‘Drawn to Purpose’ Features 80 Artists including Roz Chast, Lynda Barry, Alison Bechdel, Lynn Johnston, Jillian Tamaki and More
A new book presents a survey of the often-neglected artistic achievements of women in cartooning and illustration, featuring more than 250 color illustrations, comic strips and political cartoons, including original art from the collections of the Library of Congress. In “Drawn to Purpose: American Women Illustrators and Cartoonists,” Martha H. Kennedy, curator of popular and applied graphic art, presents a comprehensive look at the trailblazing artists whose work was long overlooked in the male-dominated field from the late 19th century into the 21st century.
“Drawn to Purpose” was published in March 2018 by University Press of Mississippi in association with the Library of Congress. It is the first overarching survey of these art forms by women in the Library’s collection. The book accompanies the Library’s exhibition “Drawn to Purpose” featuring original works by women cartoonists and illustrators.
“‘Drawn to Purpose’ brings together a remarkable sampling of book illustrations, posters, industrial design, courtroom sketches, comic strips, political cartoons and art for magazines and newspapers produced by women over a 150-year span,” Librarian of Congress Carla Hayden wrote in the forward for the book. “As a kid who read everything, I pored over the illustrations just as much as the accompanying words. Images can make reading more meaningful and more memorable.”
In 1915, portrait painter Cecelia Beaux predicted it would be at least 1,000 years before the term “women in art” would sound as strange as the term “men in art.” Indeed, Kennedy’s book tracks the incremental progress and societal pressures that kept all but the most resilient women from advancing in the arts. It’s also a story of women artists who were moved by their creative drive, by commerce or by necessity to create art that fulfills a purpose.
Celebrated artists and works featured in the book and exhibition include New Yorker cartoonist Roz Chast, Lynn Johnston’s comic strip “For Better or For Worse,” innovative artists including Lynda Barry and Hilary Price, those who broke barriers of race or sexual orientation to become voices for underrepresented communities including Barbara Brandon-Croft and Alison Bechdel, and rising stars such as Jillian Tamaki.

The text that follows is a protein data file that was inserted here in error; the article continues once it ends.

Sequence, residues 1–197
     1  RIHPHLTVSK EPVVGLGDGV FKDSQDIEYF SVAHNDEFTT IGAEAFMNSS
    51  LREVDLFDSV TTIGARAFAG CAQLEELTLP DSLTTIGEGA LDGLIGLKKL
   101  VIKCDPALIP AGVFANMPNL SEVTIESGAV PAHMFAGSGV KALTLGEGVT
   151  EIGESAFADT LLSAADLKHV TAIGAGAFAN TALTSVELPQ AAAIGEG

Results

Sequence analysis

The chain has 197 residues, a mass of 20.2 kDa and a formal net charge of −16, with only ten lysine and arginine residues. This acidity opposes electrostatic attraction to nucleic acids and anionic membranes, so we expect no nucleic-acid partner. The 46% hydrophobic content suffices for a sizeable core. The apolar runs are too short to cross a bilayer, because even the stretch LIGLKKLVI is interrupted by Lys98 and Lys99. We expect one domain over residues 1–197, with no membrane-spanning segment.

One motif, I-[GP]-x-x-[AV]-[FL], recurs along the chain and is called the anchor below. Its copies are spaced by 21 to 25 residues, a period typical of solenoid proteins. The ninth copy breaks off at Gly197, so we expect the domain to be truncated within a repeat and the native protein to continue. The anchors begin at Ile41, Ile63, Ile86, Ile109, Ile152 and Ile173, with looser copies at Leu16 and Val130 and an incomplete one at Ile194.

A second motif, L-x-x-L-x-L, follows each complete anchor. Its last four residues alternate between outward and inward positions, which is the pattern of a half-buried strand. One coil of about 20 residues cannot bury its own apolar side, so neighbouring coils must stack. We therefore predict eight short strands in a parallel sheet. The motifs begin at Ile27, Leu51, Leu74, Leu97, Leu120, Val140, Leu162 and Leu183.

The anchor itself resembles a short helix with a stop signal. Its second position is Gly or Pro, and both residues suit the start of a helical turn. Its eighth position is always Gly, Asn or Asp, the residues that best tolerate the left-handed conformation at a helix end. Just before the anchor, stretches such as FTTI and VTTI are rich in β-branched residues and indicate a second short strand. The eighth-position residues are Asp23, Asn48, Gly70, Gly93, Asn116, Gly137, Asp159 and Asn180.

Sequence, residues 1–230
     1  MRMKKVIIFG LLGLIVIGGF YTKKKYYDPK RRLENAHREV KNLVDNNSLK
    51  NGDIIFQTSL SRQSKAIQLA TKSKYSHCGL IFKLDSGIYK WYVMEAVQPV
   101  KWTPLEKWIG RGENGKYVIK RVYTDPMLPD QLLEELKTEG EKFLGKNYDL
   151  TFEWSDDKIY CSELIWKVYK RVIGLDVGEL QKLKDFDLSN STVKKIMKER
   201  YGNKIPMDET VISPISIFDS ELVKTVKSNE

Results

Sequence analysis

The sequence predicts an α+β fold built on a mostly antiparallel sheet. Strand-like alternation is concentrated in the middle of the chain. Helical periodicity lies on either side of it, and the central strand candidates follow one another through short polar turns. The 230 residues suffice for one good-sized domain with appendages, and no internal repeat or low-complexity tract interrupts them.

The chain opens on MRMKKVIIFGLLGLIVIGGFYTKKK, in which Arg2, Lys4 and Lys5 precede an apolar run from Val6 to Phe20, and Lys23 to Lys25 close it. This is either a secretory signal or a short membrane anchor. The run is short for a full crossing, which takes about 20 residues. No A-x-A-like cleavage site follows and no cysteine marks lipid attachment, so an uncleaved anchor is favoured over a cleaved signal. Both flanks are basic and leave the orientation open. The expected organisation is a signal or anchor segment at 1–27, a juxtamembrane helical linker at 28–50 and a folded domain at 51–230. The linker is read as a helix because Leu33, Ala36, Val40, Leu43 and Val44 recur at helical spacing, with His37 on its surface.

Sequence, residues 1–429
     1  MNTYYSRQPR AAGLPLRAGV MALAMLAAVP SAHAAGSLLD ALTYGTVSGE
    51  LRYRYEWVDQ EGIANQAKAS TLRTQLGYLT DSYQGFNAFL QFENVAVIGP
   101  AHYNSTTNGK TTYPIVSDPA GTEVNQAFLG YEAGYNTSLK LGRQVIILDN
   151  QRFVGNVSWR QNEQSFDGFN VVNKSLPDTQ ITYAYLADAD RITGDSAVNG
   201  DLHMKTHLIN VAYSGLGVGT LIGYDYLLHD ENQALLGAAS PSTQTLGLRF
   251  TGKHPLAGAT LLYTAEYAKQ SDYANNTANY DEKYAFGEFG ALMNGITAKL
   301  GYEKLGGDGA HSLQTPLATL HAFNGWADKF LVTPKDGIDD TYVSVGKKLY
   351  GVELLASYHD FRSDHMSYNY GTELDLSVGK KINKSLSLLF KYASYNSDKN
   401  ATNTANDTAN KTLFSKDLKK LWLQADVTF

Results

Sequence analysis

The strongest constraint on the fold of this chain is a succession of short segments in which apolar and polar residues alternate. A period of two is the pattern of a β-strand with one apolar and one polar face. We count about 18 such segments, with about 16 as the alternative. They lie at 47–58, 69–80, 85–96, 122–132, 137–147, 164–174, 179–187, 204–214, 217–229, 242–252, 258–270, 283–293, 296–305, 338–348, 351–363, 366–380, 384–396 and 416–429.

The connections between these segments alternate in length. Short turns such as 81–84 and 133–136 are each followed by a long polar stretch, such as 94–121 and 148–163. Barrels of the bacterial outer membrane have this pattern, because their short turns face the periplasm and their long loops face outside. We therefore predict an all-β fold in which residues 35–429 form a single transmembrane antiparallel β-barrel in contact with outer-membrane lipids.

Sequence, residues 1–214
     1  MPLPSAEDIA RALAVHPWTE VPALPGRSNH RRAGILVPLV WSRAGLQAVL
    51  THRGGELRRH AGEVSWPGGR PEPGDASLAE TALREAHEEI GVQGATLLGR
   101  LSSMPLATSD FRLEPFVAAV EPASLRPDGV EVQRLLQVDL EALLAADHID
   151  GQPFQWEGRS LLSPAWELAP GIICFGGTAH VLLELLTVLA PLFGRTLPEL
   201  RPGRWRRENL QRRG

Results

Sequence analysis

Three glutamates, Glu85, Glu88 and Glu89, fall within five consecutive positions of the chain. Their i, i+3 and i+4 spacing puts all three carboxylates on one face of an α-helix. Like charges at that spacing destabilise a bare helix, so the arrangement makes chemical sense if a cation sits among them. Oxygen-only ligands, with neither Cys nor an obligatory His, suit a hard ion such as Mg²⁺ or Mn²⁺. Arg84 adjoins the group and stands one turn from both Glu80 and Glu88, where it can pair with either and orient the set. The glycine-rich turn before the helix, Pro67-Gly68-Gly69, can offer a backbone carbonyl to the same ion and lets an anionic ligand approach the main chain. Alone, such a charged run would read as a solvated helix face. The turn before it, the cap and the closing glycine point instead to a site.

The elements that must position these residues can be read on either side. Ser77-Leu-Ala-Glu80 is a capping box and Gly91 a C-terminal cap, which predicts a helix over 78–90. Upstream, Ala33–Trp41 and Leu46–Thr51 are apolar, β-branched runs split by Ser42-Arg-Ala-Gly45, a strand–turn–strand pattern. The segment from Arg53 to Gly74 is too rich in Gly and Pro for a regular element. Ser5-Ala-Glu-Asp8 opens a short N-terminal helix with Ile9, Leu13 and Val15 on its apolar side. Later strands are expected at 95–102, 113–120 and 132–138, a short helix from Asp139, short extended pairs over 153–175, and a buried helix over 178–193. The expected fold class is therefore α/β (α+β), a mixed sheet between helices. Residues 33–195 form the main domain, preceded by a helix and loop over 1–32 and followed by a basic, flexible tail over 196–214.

The book explores several themes and artistic platforms: The Golden Age of Illustration, Early Cartoonists, New Voices and New Narratives in Comics, Illustrations for Industry, Editorial Illustrators, Magazine Covers and Cartoons, and Political Cartoonists and Caricaturists.
“Drawn to Purpose: American Women Illustrators and Cartoonists,” a 238-page hardcover book with more than 250 illustrations, is available for $50 in the Library of Congress Shop, 10 First St. S.E., Washington, D.C., and through retailers. Credit card orders are taken at (888) 682-3557 or loc.gov/shop/.
The book was made possible by support from the Alfred Bendiner Foundation, and the exhibition was made possible by support from the Swann Foundation for Caricature and Cartoon.
The Library of Congress is the world’s largest library, offering access to the creative record of the United States—and extensive materials from around the world—both on-site and online. It is the main research arm of the U.S. Congress and the home of the U.S. Copyright Office. Explore collections, reference services and other programs and plan a visit at loc.gov; access the official site for U.S. federal legislative information at congress.gov; and register creative works of authorship at copyright.gov.